Hans will go with you. Leave me to myself!"

"Leave you here!"

"Leave me, I tell you. I have undertaken this expedition. I will carry it out to the end, and I will not return. Go, Axel, go!"

My uncle was in high state of excitement. His voice, which had for a moment been tender and gentle, had now become hard and threatening. He was struggling with gloomy resolutions against impossibilities. I would not leave him in this bottomless abyss, and on the other hand the instinct of self-preservation prompted me to fly.

The guide watched this scene with his usual phlegmatic unconcern. Yet he understood perfectly well what was going on between his two companions. The gestures themselves were sufficient to show that we were each bent on taking a different road; but Hans seemed to take no part in a question upon which depended his life. He was ready to start at a given signal, or to stay, if his master so willed it.

How I wished at this moment I could have made him understand me. My words, my complaints, my sorrow would have had some influence over that frigid nature. Those dangers which our guide could not understand I could have demonstrated and proved to him. Together we might have over-ruled the obstinate Professor; if it were needed, we might perhaps have compelled him to regain the heights of Snæfell.

I drew near to Hans. I placed my hand upon his. He made no movement. My parted lips sufficiently revealed my sufferings. The Icelander slowly moved his head, and calmly pointing to my uncle said:


"Master!" I shouted; "you madman! no, he is not the master of our life; we must fly, we must drag him. Do you hear me? Do you understand?"

I had seized Hans by the arm. I wished to oblige him to rise. I strove with him. My uncle interposed.

"Be calm, Axel! you will get nothing from that immovable servant. Therefore, listen to my proposal."

I crossed my arms, and confronted my uncle boldly.

"The want of water," he said, "is the only obstacle in our way. In this eastern gallery made up of lavas, schists, and coal, we have not met with a single particle of moisture. Perhaps we shall be more fortunate if we follow the western tunnel."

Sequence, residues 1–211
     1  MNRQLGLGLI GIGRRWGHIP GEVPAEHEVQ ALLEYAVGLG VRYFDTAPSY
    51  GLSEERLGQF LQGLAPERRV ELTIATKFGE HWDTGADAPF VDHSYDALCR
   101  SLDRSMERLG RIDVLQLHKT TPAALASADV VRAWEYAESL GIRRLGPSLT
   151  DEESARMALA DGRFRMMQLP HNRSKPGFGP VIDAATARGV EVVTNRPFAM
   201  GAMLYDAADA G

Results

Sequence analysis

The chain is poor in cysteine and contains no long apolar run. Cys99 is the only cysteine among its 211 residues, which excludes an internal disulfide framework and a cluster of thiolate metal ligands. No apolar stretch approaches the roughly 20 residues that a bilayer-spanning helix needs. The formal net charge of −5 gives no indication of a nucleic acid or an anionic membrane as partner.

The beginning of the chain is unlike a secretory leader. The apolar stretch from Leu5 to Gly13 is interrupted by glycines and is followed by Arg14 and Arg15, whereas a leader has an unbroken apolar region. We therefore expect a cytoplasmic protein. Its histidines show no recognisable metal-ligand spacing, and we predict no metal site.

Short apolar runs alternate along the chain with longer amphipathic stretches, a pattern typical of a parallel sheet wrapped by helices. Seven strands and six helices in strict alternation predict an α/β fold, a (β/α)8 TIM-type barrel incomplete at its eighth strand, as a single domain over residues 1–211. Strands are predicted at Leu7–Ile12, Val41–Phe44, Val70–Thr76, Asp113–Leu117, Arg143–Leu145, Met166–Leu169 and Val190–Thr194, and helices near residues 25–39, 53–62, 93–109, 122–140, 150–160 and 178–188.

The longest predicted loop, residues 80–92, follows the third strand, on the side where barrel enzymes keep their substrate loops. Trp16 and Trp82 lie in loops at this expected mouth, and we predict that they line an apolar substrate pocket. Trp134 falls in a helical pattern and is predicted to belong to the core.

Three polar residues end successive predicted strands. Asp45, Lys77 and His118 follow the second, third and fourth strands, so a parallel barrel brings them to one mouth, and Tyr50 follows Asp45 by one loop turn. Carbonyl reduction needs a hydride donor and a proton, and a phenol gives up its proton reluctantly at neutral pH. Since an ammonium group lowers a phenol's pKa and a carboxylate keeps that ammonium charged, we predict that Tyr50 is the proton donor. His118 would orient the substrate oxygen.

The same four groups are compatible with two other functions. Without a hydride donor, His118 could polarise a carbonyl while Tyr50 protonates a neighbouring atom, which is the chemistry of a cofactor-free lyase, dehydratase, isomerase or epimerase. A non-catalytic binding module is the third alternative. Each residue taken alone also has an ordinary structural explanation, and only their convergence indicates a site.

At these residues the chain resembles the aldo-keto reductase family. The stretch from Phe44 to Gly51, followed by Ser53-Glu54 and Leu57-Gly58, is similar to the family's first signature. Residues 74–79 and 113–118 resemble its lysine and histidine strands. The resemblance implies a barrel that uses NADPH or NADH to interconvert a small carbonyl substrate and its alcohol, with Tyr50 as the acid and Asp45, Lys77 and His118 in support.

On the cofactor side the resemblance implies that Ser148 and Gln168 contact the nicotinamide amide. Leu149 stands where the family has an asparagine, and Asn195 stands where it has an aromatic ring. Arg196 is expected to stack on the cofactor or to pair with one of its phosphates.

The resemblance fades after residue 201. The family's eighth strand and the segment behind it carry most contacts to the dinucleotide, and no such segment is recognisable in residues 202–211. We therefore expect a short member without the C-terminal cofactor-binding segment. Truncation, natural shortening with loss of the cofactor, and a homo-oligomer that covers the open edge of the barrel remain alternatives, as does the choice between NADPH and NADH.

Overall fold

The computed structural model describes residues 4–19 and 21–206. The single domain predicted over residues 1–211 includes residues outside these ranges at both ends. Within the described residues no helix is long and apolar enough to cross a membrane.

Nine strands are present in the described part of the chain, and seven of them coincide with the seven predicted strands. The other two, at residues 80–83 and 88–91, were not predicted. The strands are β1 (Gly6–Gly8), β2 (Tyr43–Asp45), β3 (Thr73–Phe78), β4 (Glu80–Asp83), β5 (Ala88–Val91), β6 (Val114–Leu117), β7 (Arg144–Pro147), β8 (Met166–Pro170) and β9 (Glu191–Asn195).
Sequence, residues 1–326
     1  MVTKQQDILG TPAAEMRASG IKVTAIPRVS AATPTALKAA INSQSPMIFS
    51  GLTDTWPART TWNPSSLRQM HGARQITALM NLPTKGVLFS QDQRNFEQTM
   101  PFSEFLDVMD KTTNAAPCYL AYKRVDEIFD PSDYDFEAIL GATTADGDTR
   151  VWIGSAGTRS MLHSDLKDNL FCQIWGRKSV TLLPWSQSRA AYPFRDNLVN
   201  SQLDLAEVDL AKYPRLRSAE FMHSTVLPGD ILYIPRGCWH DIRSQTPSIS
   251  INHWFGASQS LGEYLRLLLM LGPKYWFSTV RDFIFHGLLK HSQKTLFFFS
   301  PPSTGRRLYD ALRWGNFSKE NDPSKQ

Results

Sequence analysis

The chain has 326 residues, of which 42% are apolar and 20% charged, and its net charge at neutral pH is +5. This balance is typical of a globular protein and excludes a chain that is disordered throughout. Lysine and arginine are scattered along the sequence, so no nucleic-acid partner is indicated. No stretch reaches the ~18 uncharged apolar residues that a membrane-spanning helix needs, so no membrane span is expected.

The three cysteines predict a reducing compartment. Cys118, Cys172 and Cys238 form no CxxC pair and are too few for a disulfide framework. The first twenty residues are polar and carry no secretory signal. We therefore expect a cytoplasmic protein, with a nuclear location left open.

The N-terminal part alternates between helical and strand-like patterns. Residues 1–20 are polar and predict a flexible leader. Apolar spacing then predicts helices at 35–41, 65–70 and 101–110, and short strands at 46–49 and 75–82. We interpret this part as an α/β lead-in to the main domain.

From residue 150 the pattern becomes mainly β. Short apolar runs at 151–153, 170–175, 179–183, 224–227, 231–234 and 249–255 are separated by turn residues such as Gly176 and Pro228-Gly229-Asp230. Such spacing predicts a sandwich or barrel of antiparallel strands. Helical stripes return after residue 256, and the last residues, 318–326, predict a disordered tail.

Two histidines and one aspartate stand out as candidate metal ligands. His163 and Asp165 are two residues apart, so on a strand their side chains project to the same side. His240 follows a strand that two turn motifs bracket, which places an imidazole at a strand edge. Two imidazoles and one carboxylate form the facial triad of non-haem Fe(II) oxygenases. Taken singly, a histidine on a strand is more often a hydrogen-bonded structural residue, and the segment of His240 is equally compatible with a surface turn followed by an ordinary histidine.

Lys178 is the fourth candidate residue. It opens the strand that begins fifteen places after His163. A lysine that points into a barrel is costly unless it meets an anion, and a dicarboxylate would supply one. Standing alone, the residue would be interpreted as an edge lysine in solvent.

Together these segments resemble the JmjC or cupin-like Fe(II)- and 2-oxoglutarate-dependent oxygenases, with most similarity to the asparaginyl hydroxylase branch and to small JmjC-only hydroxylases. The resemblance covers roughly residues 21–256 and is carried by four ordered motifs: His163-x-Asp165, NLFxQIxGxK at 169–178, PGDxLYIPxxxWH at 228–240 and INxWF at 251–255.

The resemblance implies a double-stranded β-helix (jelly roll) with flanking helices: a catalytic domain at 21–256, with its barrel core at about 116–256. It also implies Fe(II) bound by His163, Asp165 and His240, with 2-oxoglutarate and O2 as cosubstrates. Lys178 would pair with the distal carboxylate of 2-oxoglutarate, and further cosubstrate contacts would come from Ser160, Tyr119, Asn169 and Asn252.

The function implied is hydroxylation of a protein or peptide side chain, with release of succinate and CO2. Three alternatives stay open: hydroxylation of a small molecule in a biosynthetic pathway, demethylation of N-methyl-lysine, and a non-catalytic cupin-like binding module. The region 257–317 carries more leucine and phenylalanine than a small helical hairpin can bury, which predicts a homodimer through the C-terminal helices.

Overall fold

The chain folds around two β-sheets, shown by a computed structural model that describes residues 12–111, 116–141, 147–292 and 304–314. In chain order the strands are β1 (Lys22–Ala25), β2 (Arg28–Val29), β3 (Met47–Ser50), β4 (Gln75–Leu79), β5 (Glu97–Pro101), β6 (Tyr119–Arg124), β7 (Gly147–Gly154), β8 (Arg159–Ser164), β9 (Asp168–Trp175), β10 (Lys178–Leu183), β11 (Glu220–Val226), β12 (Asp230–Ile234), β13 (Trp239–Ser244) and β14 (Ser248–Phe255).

I shook my head incredulously.

"Hear me to the end," the Professor went on with a firm voice. "Whilst you were lying there motionless, I went to examine the conformation of that gallery. It penetrates directly downward, and in a few hours it will bring us to the granite rocks. There we must meet with abundant springs. The nature of the rock assures me of this, and instinct agrees with logic to support my conviction. Now, this is my proposal. When Columbus asked of his ships' crews for three days more to discover a new world, those crews, disheartened and sick as they were, recognised the justice of the claim, and he discovered America. I am the Columbus of this nether world, and I only ask for one more day. If in a single day I have not met with the water that we want, I swear to you we will return to the surface of the earth."

In spite of my irritation I was moved with these words, as well as with the violence my uncle was doing to his own wishes in making so hazardous a proposal.

"Well," I said, "do as you will, and God reward your superhuman energy. You have now but a few hours to tempt fortune. Let us start!"



This time the descent commenced by the new gallery. Hans walked first as was his custom.

We had not gone a hundred yards when the Professor, moving his lantern along the walls, cried:

"Here are primitive rocks. Now we are in the right way. Forward!"

When in its early stages the earth was slowly cooling, its contraction gave rise in its crust to disruptions, distortions, fissures, and chasms. The passage through which we were moving was such a fissure, through which at one time granite poured out in a molten state. Its thousands of windings formed an inextricable labyrinth through the primeval mass.

As fast as we descended, the succession of beds forming the primitive foundation came out with increasing distinctness.

Jules Verne
French Authors
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